–CAPULIN SCHOOL (the Newton SCP installed glass louvered windows there last year to the rainy side of the building). David Attended a Thank You Ceremony there.
–CEBADILLA Moved rubble from Newton-Montgris preschool project to two construction sites (Free High School and Cebadilla Preschool) with the help of both paid workers and volunteers. Visited a wonderful hexagonal freestanding kitchen in Cebadilla and suggested that that be the design for the new preschool there. Conferred with community members and local colleagues about preschool materials and design. At the request of the community, Fidel Pavon has volunteered to coordinate construction; input from Austin Drill about Compressed Earth Blocks and other materials.
—MONGALO PRIMARY SCHOOL (the big one in town). We Conferred with new principal about the burnt-out pump (no water to flush toilets). Decided to take no action pending results of projected new city-wide high-pressure system (water from Lake Nicaragua) that will presumably fill the tank without a pump. David got a bid of $20 each from Chepito Ruiz for making primary school pupitres (desks).
SOLIDARITY HOUSE. We Helped with final upgrades to Casa Solidaridad, the Battered Women’s Shelter (see photo set). Margaret hung three watercolors of San Juan scenes by our friend Stephen Chinlund, a donation to the shelter. (Margaret has sent you a separate report on Solidariy House.)
FREE HIGH SCHOOL:
–David Photographed some of the 49 recently completed Free High School desks purchased by members of the Newton Highlands Congregational Church: the desks will have seals saying “Instituto Libre.”
–We conferred with Architect Carlos Galea about future volunteer collaboration on the permanent home of the Free High School.
–We Visited site of permanent campus of Free High School for Adults and met (and were interviewed by) the team from Yeshiva University (invited to San Juan by American Jewish World Service) who were building the foundations of the library. AJWS is a major donor to the Free High School.
–Made a courtesy call to Mayor Jorge Sanchez, then photographed two recent graduates of the Free High School for Adults who now have jobs at the Mayor’s Office. Margaret has sent you a separate report on the FHS.
PUBLIC HEALTH –DAVID’S PROJECTS:
–Visited various rural communities to check on BioSand Filter use and took samples back to our lab in town to test them for E Coli bacteria levels (results were encouraging). Worked closely with Antonia Mendoza (Fundacion Tierra) and Adán Hernandez (NicaCan) on visits to rural communities, and met with them regularly at the new offices across from the RC Church on the main plaza.
–Met with Prof. Steven Outain, a water specialist from Crowder College; he did his own water tests with Antonia and donated supplies to our lab.
—-Gave out shoes and soap from Underwood School (and from Adolph’s Sports in Newton Centre).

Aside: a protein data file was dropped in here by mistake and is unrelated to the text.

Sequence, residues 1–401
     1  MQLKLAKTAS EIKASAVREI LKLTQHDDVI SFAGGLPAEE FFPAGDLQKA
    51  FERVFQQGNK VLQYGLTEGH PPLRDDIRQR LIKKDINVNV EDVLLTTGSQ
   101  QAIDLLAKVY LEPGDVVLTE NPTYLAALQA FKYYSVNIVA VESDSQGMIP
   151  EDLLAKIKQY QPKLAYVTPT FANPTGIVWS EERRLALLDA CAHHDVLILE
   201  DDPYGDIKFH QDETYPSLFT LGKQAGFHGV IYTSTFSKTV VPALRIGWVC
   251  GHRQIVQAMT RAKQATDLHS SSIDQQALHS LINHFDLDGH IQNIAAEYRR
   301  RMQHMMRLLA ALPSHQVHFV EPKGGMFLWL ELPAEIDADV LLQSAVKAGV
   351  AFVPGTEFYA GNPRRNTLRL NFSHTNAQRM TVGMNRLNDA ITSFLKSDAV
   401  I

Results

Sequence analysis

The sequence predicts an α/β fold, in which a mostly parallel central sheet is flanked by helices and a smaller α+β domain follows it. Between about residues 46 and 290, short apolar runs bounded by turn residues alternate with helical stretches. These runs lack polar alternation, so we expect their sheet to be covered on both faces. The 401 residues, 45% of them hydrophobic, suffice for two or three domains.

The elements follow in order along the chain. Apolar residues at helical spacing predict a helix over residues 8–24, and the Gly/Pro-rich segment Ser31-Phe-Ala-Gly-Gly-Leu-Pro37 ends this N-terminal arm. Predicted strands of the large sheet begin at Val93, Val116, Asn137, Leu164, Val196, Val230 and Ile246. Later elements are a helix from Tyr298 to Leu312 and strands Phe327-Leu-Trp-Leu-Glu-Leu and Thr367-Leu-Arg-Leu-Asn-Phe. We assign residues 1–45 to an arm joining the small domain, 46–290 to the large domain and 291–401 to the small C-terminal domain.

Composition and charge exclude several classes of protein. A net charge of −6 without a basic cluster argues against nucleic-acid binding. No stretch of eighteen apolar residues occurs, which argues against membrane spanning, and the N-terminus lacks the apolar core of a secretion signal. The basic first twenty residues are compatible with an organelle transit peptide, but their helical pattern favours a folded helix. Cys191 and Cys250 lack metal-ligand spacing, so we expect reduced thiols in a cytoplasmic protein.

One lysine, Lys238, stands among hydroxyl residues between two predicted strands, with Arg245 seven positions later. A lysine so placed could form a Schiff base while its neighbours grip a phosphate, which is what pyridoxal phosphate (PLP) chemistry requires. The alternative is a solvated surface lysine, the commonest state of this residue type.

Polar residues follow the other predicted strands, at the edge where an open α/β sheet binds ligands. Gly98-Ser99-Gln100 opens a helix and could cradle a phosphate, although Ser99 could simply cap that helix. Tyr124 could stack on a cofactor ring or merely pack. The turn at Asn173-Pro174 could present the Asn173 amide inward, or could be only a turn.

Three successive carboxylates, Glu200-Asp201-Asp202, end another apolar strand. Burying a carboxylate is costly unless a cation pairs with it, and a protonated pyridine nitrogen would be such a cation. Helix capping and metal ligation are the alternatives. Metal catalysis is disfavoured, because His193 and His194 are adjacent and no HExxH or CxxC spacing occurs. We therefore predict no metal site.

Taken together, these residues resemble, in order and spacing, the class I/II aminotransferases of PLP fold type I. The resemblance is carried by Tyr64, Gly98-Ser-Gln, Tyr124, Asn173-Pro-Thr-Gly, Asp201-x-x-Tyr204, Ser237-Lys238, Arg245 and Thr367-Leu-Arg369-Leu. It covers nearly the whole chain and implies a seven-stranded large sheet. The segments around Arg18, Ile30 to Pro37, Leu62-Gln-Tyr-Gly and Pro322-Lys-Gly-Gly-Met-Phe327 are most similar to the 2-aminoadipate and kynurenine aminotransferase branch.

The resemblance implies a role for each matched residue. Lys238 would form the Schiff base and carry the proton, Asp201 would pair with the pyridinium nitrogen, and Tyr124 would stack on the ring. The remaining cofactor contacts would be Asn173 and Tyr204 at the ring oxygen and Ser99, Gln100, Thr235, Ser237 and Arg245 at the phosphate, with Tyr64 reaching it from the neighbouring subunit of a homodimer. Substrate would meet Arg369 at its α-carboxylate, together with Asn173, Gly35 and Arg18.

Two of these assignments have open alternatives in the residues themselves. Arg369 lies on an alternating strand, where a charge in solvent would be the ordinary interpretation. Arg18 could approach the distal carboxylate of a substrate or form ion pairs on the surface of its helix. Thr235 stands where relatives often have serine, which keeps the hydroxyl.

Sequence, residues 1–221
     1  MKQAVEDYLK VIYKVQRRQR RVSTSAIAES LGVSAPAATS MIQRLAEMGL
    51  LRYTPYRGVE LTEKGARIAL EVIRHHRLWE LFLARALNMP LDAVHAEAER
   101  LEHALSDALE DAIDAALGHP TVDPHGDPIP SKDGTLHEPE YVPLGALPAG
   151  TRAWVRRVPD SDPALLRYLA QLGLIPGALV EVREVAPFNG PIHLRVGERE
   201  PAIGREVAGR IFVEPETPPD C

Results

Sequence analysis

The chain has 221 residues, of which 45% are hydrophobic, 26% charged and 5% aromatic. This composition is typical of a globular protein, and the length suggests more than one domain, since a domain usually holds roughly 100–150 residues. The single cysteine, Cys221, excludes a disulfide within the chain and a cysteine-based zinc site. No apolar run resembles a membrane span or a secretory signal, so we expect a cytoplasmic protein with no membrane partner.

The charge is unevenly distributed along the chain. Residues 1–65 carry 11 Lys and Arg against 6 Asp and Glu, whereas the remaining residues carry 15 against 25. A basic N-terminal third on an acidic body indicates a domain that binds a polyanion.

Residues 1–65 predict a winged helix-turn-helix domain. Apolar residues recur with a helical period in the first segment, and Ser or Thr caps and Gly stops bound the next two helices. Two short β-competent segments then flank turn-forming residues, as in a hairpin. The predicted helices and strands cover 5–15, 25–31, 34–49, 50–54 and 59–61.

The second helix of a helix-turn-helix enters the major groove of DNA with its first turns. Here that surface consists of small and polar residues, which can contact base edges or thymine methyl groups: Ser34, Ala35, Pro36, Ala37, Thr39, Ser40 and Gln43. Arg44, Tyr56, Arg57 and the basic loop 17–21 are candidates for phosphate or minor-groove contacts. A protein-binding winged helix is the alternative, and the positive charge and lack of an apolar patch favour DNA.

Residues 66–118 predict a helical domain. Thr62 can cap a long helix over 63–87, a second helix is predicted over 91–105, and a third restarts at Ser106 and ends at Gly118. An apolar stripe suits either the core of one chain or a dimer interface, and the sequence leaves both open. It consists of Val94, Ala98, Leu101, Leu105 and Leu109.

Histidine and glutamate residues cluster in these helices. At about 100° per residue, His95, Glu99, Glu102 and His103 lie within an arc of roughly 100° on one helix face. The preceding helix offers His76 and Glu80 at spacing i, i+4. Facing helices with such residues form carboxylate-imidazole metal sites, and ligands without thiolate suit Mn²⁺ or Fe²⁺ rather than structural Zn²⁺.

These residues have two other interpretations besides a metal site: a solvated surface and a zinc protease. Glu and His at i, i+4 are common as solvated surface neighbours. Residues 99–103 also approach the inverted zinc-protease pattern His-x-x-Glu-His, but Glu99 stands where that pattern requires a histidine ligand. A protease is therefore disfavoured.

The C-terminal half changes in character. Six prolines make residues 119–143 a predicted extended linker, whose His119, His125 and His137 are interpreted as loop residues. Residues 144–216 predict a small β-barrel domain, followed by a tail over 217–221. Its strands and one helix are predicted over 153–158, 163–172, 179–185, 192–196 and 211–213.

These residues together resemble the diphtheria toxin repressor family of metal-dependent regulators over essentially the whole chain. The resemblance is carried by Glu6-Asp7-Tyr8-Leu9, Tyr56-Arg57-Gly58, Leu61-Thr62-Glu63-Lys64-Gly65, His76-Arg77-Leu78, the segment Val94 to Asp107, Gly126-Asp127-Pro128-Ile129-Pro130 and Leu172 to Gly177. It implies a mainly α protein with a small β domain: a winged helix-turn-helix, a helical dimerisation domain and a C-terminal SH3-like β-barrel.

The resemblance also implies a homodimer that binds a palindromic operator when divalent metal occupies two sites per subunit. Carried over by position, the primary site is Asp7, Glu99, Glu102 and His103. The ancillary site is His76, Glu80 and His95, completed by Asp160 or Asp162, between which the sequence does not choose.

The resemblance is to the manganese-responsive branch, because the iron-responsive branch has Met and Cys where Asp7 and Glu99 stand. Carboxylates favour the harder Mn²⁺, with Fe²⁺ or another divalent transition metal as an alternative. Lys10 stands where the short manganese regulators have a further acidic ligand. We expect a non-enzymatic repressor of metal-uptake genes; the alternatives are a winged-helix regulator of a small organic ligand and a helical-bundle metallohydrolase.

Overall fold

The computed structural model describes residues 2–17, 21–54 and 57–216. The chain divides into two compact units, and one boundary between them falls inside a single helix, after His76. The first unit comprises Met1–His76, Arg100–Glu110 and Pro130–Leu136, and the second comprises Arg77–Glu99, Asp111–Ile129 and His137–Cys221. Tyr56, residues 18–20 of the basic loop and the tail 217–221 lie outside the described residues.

–We Helped out at the VOSH Eyeglass Clinic (their 13th year in San Juan).
–Delivered a donated Reverse Osmosis filter to Centro de Salud (removes limestone and organic contaminants from water, crucial for people at risk for kidney stones). Belinda Waltman, a Harvard Med School volunteer, helped coordinate installation.
–EcoStoves also count as public health (see under Appropriate Technology).
APPROPRIATE TECHNLOGY–DAVID’S PROJECTS:
–Did first tests of blocks made by the Compressed Earth Block press and sent samples to a materials testing lab in Managua (some results were encouraging; see photo set).
–Formed a Coordinating Committee to oversee the use of the CEB Press and formulated basic policies.
– Visited Ojochal to check on the status of the solar-powered pump system installed by Union Church of Waban: it was successfully moved and is operating as it should.
– Ramped up production of EcoStove components (chimney tubes at the Taller Newton, and a couple of top slabs at the Taller” made by volunteers).
– Arranged for three “Fiestas de Planchetas” where eligible families convened to make their own EcoStove slabs (the three fiestas produced a total of 40 slabs). Assistance of Antonia, Adan and Fidel, plus Brigadistas Juana Solis and Felix Espinoza, crucial to the success of these fiestas. See photo set.
OUTREACH TO OTHER GROUPS/INDIVIDUALS:
–Coordinated the work of numerous volunteers.
–Margaret organized a meeting with Rachel Lindsay, Coordinator of Sustainable Development for Sostenica (a large microlending organization founded by Alan Wright, founder of the Newhaven/Leon SCP) and potential local investors about possibilities for microlending in San Juan del Sur. Inconclusive, but perhaps a foundation was laid.
–David two meetings with Fred Goldfarb, one of them including Kristin Fedorak of the Canadian group, NICACAN: top priorities are a Volunteer Center and a truck for Antonia and Adán, and for visitors from Newton and Canada to use when they visit. Margaret described the work of the shelter to Kristin; NicaCan may get involved.
Photos of many of these activities are at http://www.flickr.com/photos/gringopinolero/